You cowardly rascal, nature disclaims in thee:
a tailor made thee.
ruffian
This ancient ruffian, sir, whose life I have spared
at suit of his gray beard, --
renege
Renege, affirm, and turn their halcyon beaks
With every gale and vary of their masters,
Knowing naught, like dogs, but following.
visage
A plague upon your epileptic visage!
antipathy
No contraries hold more antipathy
Than I and such a knave.
saucy
This is some fellow
Who, having been praised for bluntness, doth affect
A saucy roughness, and constrains the garb
Quite from his nature.
verity
On the surface, Kent appears to be sincerely saying great things about Cornwall, but he is taking the flattery so far that there is more mockery than verity in his words.
Sir, in good sooth, in sincere verity,
Under the allowance of your great aspect,
Whose influence, like the wreath of radiant fire
On flickering Phoebus' front--
malice
You shall do small respect, show too bold malice
Against the grace and person of my master,
Stocking his messenger.
wretch
The definition is for "wretch" as a verb but the example sentence uses it as a noun. A wretch can be someone you feel sorry for, and Gloucester does in the same scene say he feels sorry for Kent. But here, he is asking Cornwall not to punish Lear's servant as he would a common criminal, because that would be an insult to Lear.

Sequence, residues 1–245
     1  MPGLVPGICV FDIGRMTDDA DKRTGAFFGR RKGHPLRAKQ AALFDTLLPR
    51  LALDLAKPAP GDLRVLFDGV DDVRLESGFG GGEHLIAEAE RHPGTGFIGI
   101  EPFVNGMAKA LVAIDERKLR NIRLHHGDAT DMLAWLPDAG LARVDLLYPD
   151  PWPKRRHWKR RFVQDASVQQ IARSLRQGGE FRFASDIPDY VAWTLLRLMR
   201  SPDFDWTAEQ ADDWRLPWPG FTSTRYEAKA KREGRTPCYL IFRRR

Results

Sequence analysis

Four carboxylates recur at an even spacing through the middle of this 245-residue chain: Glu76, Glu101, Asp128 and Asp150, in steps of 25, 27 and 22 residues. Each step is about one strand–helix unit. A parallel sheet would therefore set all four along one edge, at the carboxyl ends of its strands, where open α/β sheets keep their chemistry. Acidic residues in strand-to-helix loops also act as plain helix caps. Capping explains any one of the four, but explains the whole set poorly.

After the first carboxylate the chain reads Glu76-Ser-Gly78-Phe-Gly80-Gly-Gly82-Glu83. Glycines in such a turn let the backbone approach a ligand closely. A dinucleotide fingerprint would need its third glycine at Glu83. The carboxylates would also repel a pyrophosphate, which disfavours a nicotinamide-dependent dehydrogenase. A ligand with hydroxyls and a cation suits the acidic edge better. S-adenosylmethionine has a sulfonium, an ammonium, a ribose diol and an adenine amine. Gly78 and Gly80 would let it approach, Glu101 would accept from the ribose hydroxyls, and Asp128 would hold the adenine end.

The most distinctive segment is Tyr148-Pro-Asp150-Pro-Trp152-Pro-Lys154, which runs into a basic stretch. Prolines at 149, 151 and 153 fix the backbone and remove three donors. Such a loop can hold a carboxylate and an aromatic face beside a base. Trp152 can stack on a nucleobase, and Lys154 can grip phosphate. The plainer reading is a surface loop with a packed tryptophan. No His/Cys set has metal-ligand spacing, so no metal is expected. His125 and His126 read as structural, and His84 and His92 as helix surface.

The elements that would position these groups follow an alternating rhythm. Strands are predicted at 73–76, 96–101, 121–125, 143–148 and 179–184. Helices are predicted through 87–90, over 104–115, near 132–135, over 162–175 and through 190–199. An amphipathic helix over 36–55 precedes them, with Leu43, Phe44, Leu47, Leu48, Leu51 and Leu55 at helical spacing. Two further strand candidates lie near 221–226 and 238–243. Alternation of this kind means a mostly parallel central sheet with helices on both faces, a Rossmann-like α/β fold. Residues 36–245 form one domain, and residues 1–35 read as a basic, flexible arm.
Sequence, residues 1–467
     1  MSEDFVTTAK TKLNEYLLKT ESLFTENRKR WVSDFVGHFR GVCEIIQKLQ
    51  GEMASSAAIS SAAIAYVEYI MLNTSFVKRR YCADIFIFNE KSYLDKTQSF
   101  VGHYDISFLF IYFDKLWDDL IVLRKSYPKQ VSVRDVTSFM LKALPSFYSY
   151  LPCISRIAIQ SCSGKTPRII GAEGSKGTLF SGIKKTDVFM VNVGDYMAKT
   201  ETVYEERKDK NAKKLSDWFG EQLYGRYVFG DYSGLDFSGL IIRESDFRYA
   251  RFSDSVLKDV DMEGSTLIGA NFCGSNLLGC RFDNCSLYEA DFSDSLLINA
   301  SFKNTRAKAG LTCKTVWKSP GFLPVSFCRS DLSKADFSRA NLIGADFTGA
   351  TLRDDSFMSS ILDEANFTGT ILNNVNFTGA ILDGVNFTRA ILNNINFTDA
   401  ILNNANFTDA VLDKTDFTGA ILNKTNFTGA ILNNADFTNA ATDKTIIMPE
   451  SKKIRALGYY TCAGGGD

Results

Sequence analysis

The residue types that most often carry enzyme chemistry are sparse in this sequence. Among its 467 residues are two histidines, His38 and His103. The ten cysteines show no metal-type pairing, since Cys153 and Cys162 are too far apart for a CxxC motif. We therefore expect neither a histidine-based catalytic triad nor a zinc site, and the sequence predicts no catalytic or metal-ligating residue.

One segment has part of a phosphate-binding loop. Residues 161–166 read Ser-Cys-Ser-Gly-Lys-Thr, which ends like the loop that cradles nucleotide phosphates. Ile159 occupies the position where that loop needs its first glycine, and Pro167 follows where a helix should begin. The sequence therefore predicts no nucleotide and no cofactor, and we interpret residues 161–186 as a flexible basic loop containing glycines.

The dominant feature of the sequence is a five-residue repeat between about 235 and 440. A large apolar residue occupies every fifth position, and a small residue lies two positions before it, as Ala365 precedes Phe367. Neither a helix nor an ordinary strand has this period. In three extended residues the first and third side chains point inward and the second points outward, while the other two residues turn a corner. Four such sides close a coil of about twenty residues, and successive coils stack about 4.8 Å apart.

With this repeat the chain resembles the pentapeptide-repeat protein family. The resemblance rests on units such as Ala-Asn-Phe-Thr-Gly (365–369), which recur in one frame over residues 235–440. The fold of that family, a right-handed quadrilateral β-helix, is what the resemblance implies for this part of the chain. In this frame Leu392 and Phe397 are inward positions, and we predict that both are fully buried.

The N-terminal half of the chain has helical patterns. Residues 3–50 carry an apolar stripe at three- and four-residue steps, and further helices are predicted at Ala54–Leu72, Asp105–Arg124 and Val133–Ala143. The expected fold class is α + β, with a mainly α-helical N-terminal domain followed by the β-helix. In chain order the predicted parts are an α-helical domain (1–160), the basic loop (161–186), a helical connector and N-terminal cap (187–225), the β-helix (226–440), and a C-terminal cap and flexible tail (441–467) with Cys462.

Your purposed low correction
Is such as basest and contemned'st wretches
For pilferings and most common trespasses
Are punished with.
naught
Thy sister's naught:
depraved
O Regan she hath tied
Sharp-toothed unkindness, like a vulture, here.
I can scarce speak to thee. Thou'lt not believe
With how depraved a quality -- O Regan!
unsightly
Good sir, no more; these are unsightly tricks:
scornful
You nimble lightnings, dart your blinding flames
Into her scornful eyes!
fickle
This is a slave whose easy-borrowed pride
Dwells in the fickle grace of her he follows.
indiscretion
"Indiscretion" can also mean "a petty misdeed" but Goneril is not accusing Lear of doing anything wrong. Instead, she is defending herself by saying that Lear lacks the ability to fairly judge her actions; she also insults him further with the word "dotage".
All's not offence that indiscretion finds
And dotage terms so.
abjure
Having given up his kingly powers, disowned Cordelia, and cursed Goneril, Lear does not have much left that he can reject. At the point of this example sentence, Lear thinks he can still rely on Regan, but upon discovering that she is even less welcoming than Goneril of him and his 100 knights, he is forced to carry out his proud threat to "abjure all roofs".
No, rather I abjure all roofs, and choose
To wage against the enmity of the air.
chide
Calling Goneril a "boil", "sore" and "carbuncle" IS chiding. This sentence shows how Lear is struggling between childish name-calling and patient dignity.
Thou art a boil,
A plague-sore or embossed carbuncle
In my corrupted blood. But I'll not chide thee;